Tuesday, October 10, 2017

Literally the Best Reviews: Bring Her Home

Bring Her Home -- David Bell
Berkley Publishing
438 Pages

When you find an author that you really like, you have to read his or her works as soon as they are released, or as soon as possible if you’re getting them from the library. I had to wait for this book for a couple weeks before I got it. Once, I did, I was off and running. I finished it in less than two days. So far, all of David Bell’s novels have been great reads. I devour them as fast I can read, and then eagerly await the next, new book. That does not change with Bring Her Home.

Bill Price is a widower and is trying to raise a teenage daughter, Summer. A year or so after the death of his wife, Summer and her best friend, Haley, disappear. Price gets a call a couple of days later. One of the girls is dead, and the other has been beaten beyond recognition. He rushes to the hospital to be near the girl. Almost immediately, doubts begin to creep into his thoughts about the identity of the girl in the hospital bed.

At the same time, the police who are investigating the girls’ disappearance delve into Price’s history. Ugly secrets about his marriage and growing up with his sister. Were there moments in his life that could cast doubt on his innocence? His own over-zealousness with regard to solving the mystery of Summer’s disappearance put him at odds in the court of public opinion. He makes several questionable moves that hurt his presumed innocence and undermine his credibility.

By the end of the book, the frenzy that Price is going through screams from the pages. The pace of the narrative seems to increase as we get ever closer to uncovering the truth behind Summer’s disappearance and its connection to other events in his life. He gets pulled in several directions, and the reader is along for the ride, trying to connect all the threads at the same time as Price tries.

When I began Bring Her Home, my immediate thoughts were, “I’ve seen a House episode about this. Of course, I got smug and thought I knew what was going to happen. It did not take long for me to be slapped into reality by Bell’s plot. By the end of the book, all my preconceived notions were blown into tiny, little bits. So were several of the subsequent ideas of where I thought the book was going. Once I figured out the pertinent details, I had to figure out how Bell would get there. That is a good part of the enjoyment of reading this book.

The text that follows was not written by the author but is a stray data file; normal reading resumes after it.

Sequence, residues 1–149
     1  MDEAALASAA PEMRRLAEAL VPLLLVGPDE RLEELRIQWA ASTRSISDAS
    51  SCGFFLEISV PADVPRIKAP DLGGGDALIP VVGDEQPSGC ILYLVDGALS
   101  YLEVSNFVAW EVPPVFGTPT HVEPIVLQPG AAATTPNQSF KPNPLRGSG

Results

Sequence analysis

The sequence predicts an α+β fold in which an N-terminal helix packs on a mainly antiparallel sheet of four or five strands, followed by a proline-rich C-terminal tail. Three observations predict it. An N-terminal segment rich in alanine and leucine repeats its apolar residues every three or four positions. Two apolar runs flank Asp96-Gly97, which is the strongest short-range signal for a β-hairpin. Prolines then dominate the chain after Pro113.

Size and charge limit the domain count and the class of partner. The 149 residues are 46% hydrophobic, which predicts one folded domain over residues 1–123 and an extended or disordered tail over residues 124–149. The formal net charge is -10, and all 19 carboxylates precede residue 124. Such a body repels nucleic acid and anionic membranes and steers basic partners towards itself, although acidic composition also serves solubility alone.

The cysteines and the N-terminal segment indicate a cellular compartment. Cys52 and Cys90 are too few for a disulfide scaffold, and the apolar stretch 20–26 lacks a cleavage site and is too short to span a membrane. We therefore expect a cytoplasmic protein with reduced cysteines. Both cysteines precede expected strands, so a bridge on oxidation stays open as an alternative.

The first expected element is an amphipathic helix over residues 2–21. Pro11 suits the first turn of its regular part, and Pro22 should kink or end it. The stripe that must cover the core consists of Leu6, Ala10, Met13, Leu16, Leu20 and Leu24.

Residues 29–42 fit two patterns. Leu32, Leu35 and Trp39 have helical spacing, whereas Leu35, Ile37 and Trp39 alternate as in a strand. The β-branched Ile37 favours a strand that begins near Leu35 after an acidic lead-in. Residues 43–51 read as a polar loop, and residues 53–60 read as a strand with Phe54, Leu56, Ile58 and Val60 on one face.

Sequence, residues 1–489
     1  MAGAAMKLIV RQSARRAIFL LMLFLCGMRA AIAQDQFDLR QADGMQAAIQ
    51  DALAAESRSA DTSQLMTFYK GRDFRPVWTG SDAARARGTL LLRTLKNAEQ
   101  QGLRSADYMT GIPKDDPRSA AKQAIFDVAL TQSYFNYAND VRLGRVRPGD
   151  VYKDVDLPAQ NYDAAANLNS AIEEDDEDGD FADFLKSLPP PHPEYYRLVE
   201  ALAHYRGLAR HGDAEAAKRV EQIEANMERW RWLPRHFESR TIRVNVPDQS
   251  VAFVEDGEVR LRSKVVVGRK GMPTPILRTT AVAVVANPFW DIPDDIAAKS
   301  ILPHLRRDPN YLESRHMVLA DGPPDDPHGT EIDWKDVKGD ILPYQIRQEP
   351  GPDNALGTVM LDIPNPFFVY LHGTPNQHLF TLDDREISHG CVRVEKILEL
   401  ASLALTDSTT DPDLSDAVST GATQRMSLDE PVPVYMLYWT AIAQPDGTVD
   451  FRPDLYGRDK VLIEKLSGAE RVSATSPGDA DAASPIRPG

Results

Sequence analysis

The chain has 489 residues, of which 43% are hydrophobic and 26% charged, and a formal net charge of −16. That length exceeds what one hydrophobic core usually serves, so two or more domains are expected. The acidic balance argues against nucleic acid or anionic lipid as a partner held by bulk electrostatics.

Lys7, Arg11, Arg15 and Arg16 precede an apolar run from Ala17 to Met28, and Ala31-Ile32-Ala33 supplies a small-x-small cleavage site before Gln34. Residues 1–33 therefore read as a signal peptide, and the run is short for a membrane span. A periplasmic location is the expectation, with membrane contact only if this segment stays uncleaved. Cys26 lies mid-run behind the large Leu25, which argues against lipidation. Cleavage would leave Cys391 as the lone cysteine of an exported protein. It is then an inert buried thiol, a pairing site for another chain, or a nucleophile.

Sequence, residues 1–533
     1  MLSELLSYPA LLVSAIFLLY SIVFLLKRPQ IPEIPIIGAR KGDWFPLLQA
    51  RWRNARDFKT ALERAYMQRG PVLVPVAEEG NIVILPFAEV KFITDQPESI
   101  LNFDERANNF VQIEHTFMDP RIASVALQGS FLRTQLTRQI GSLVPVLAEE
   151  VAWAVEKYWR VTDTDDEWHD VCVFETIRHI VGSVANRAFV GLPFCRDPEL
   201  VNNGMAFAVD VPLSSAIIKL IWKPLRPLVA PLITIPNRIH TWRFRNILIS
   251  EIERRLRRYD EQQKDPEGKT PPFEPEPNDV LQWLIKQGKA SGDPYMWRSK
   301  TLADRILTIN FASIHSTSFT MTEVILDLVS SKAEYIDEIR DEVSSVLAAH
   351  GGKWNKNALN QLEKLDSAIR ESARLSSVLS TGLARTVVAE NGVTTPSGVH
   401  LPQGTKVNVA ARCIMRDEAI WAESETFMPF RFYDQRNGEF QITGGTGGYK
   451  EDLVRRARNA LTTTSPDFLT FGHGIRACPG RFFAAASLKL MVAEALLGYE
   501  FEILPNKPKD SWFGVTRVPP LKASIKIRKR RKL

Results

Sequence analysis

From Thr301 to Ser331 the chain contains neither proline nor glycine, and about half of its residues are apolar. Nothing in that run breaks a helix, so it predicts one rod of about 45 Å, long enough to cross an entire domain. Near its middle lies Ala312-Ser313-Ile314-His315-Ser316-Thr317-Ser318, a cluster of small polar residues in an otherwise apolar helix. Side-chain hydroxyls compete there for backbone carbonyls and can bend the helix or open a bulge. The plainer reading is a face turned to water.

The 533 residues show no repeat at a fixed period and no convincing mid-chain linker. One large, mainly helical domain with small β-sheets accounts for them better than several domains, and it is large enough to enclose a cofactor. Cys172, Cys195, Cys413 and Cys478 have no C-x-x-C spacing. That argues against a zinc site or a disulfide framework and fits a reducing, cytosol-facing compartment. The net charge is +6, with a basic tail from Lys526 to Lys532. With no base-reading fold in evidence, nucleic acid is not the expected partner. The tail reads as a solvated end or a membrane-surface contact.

I love books that are about characters, especially well developed characters traipsing their way through and around the pitfalls of life. Flashbacks fill in many of the details from the lives of Summer, Bill, and his late wife. Bell takes all these threads and coalesces them into a working tapestry of a person’s life, and keeps it interesting.

The suspense of trying to figure out what’s going on with the mystery of the disappearance and murder are riveting. I kept turning those pages trying to “help” Price unravel the conundrum. There were points I wanted to yell at him that the truth was staring him in the face. And then a new twist rears its ugly head and we’re off running in a new direction.

I love David Bell’s books. They are everything I love in books. (If he could write a sci-fi book or set one on a space station or ancient planet, I would be his biggest fan.) Bring Her Home is another in his collection that I just loved to read. As long as he keeps writing, I will be reading whatever he puts out. I can’t wait until the next book. Already, I’ve been recommending this book to friends.

Craig Bacon is an avid reader. Sometimes he wishes he could write as much as he reads. Maybe someday...